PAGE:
Have you ever wanted to sell everything you own and just "take off?" Travel the country's back roads, paddle down a meandering stream, experience breath-taking mountain views, walk among 100-year old trees, and just marvel at America's beauty? That is the dream that my partner, Betsy, and I decided to make a reality. This blog describes our adventure. The food we eat, people we meet, sights we see, and the enjoyment we find in traveling.

Monday, December 23, 2013

RV Park Review – Topsail Hill Preserve State Park Gregory E. Moore RV Park (Santa Rosa Beach, Florida)

Overall, this is a great state park that has the feel and amenities found in a private RV park.  Sites are paved, level, full hook-up and have tons of comforts including: cable (75+ channels), free wifi (in designated areas), a non-heated swimming pool, beach access with tram service, club house, camp store, bike/kayak/canoe rental, laundry, shuffle board, and a host of park activities and ranger-led tours.

The park has 156 sites with full-hook-up (mostly 50 amp but some 30 amp) that can fit rigs up to 45’.  There are 22 tent sites with an elevated tent pad, fire ring, water spigot, and electric hook-ups. There are also one and two-bedroom cabins for rent year-round.  
cabins have screened in porches with rocking chairs and a picnic table and grill outside 
Park roads are paved and easy to navigate in a big rig.  Camp sites and patios are paved with picnic tables.  There are no fire pits but you are allowed to have a fire if you bring your own pit.  All sites are level but some of the concrete is cracked and pretty uneven.  The fair majority of sites are back-in but there are a handful of pull-thru sites.  The water sewer and electric hook-ups are all well-placed at the site.

typical back-in site
Most sites have towering pine trees offering shade and hedges provide privacy, although some sites are fairly close together.  We were able to get satellite at our site (#75) and the Verizon cell service and hotspot worked great.    

typical pull-thru site
The restroom and laundry facilities are clean and seemed adequate to handle the crowds.

The campground is located ¾ mile from the beach which is accessible via a walking/biking trail or a tram operated by the park.  During the winter months the tram runs every two hours, but during peak season it runs once an hour.  Once you are on the beach you have miles and miles of unspoiled white sand and blue water to enjoy.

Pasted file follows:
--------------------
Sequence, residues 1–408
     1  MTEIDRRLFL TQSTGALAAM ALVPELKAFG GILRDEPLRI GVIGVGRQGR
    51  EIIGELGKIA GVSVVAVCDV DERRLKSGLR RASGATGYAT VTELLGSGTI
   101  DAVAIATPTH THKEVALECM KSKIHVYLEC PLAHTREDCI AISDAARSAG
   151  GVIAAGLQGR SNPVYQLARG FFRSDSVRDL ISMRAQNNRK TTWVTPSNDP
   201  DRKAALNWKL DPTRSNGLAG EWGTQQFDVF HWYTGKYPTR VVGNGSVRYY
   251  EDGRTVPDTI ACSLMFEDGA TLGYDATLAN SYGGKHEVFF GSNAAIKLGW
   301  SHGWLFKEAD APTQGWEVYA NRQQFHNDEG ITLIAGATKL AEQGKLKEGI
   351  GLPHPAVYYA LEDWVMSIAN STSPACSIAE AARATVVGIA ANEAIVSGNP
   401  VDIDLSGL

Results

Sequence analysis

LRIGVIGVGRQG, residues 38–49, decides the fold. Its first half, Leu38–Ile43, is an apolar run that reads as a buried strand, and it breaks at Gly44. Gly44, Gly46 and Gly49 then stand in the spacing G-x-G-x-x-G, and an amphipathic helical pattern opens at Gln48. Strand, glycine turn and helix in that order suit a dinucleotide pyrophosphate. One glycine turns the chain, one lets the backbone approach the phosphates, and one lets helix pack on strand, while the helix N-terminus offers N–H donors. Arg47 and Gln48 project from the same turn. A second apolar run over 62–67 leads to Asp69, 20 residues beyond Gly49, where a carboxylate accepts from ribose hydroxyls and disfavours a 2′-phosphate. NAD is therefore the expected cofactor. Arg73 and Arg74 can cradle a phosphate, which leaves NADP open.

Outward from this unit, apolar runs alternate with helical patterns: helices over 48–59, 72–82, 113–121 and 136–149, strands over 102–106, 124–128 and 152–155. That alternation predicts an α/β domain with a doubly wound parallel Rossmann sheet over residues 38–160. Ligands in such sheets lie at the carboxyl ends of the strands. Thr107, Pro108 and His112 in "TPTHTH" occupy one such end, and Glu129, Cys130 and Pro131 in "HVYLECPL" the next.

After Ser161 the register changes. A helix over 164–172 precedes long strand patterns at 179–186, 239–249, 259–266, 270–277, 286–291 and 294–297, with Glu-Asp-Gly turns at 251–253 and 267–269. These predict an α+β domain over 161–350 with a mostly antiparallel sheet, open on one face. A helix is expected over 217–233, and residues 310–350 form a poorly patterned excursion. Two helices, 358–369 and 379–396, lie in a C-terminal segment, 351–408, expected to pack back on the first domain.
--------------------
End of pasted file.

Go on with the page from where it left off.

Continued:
Walkway over the dunes to the beach
The beach!
bike path
Park activities and ranger-led talks/tours occur multiple times during the week and we eagerly took advantage of these.  There is an on-site camp store offering everything from t-shirts, drinks, RV supplies, books, souvenirs, etc.  For the active type, you can rent bikes, stand up paddleboards, canoes and kayaks.   There are numerous ponds and lakes scattered throughout the campground for the fishing enthusiasts.

The park is located within a mile of a Walmart (with food), gas station, Subway and other restaurants. Within 5 miles are tons of shopping opportunities, movie theater, restaurants, grocery, etc. 

What we really liked about this campground are the level, paved, full-hookup sites and the fact that it is in a state park so you have access to miles of hiking/biking and a gorgeous beach.  The beach here is the most beautiful in Florida and can be completely empty in the winter.  The park is 1,640 acres so hiking/birding opportunities abound.  Yet, within just a few minutes drive are plenty of restaurants, shops, and grocery that make life easy.  

The not so good things about this park are the cost and how crowded it can be in the peak season.  During peak season this park is very busy.  With all the amenities it attracts lots of people and some sites make you feel right on top of your neighbor.  The pool can be super crowded and you may have to walk farther down the beach to find a quiet spot.  The cost is $42/night (unless you are a Florida senior resident and then it is half price) which is high for state parks . . . but compared to other private parks in the area that is reasonable.  

Spirits two cents:  the trails are great for letting her run and sniff whatever her nose finds.  (Dogs are required to be on a 6-foot leash.)  Dogs are not allowed on the beach in the state park so that is a bit of a bummer but there are plenty of places to walk dogs in the campground and on the miles of trails.  In addition, there is an off-leash dog park just a few miles away.

More pictures . . .
outdoor amphitheater

swimming pool
tram stop in the campground


  1. Wow! I've heard that Topsail SP was a great place, but now I know why. It sure isn't your typical state park.

  2. From what I read, this used to be a private campground at one time ... hence the different look and feel. We considered this park for a stay last year, but were turned off by the proximity of the sites to each other. But that was during peak season, perhaps we'll give it a shot during off-season as we've heard good things about it.

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